Friday, September 22, 2006

How Rational is a Rat?

Just how clever is that rat? Is he a lazy, sneaking creature who will swipe any easy snack or is he a virtuous hard worker who will toil until he earns his just rewards? Perhaps a similar quandary has faced you: do you enroll in school and live on limited funds in the hope of later prosperity or do you get a job and enjoy life's rewards now. Moral judgments of work aside, the Discovery's channel's "Animal Planet" website reports on the work a group of researchers has come up with a relatively simple test apparatus to address this question in the rat. It consists of a simple maze shaped as a "T". If the rat goes in one direction it will quickly find a small treat - a single sugar cube. If the rat travels the other way, he will have to do some work, but will get a larger number of sugar cubes.

The researchers, lead by Ruud van den Bos of Utrecht University in The Netherlands, wanted to know about the decision-making process of the rat, not just whether he was lazy or slothful. What they did was to vary the "hard road" in two ways. First they varied the size of the reward by changing the number of sugar cubes. Second, they changed just how hard it was to get to the bigger reward by changing the height of the wall the rat had to climb.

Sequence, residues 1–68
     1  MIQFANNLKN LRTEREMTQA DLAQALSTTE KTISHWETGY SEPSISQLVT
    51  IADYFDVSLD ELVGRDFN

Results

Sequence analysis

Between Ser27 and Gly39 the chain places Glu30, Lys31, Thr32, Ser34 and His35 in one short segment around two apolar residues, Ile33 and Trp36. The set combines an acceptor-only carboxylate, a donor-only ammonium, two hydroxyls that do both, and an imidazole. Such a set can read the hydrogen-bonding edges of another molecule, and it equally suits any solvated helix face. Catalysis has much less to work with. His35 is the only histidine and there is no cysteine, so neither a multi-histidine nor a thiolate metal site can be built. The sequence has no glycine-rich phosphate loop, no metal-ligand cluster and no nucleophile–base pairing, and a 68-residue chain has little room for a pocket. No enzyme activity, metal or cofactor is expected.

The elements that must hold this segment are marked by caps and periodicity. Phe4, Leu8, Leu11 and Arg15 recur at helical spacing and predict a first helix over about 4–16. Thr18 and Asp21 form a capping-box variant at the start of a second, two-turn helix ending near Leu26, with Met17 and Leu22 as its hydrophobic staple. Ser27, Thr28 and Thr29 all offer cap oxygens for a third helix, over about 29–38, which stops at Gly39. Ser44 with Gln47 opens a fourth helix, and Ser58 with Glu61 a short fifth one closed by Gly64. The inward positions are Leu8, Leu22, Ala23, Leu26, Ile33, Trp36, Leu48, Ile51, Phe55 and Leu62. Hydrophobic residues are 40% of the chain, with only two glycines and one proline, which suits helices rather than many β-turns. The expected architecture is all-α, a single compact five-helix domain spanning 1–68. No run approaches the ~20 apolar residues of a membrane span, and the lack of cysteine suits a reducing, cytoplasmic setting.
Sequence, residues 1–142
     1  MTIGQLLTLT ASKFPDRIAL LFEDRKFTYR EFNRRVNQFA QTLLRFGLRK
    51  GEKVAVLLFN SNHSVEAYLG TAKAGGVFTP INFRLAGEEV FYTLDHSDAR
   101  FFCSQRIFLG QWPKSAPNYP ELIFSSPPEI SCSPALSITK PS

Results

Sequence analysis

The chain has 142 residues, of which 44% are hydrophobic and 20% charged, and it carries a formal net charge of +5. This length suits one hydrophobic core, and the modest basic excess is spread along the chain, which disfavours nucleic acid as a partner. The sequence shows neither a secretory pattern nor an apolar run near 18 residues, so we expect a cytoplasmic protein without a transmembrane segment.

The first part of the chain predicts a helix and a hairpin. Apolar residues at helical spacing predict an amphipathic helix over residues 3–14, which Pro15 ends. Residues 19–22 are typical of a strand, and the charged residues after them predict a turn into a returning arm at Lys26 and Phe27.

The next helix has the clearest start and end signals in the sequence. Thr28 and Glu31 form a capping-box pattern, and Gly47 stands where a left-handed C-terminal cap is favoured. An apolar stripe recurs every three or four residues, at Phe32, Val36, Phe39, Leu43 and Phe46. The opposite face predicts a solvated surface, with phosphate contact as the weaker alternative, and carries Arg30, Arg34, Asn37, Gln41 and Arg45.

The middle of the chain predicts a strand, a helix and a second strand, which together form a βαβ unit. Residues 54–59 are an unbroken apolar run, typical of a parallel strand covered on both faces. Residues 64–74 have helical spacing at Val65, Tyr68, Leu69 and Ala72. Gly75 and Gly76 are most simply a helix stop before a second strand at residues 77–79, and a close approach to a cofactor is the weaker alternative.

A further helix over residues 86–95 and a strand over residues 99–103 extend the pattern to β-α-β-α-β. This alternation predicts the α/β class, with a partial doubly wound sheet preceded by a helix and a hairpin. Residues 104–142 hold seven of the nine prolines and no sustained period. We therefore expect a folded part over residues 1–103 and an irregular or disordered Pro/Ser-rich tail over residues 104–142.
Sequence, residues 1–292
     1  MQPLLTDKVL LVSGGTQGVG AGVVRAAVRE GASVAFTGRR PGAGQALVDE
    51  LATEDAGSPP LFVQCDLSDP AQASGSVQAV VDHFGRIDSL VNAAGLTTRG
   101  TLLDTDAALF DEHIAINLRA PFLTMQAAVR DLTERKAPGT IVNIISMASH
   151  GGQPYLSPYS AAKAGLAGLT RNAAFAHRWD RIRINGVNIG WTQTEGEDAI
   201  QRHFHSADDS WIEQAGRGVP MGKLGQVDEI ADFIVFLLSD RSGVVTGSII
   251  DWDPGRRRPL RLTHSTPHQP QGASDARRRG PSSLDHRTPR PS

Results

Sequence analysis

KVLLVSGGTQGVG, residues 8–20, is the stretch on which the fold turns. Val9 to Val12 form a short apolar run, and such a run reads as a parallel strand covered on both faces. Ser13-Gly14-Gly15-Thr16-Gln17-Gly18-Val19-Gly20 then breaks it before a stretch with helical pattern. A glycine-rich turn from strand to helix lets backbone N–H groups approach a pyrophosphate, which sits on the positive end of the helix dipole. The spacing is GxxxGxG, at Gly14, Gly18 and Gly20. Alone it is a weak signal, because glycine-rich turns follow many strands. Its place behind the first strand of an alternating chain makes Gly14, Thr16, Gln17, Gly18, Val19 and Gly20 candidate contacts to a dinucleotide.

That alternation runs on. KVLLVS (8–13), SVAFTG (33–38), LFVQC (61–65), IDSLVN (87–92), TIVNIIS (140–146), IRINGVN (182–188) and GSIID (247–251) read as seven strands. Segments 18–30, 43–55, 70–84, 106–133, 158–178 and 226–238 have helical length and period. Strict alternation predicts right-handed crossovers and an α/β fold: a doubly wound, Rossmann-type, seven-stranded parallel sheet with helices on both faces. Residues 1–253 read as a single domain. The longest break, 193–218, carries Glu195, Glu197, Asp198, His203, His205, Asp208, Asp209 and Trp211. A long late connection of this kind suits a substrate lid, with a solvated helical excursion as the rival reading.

What they discovered was that there was a critical point at which the rat would abandon the harder route and go for the reward and that this critical point was based both on the size of the rewards and on the height of wall to be scaled. What the researchers claim that this shows is that the rats were conducting a "cost-benefit analysis, rather than basing their decision on a single factor such of labor or reward. This cost-benefit analysis turns out to be relatively sophisticated. It is claimed that this is the first time that non-human animals have been shown to make decisions using a mathematical relationship called an "internal constant standard" which is an individual's ratio of effort to reward.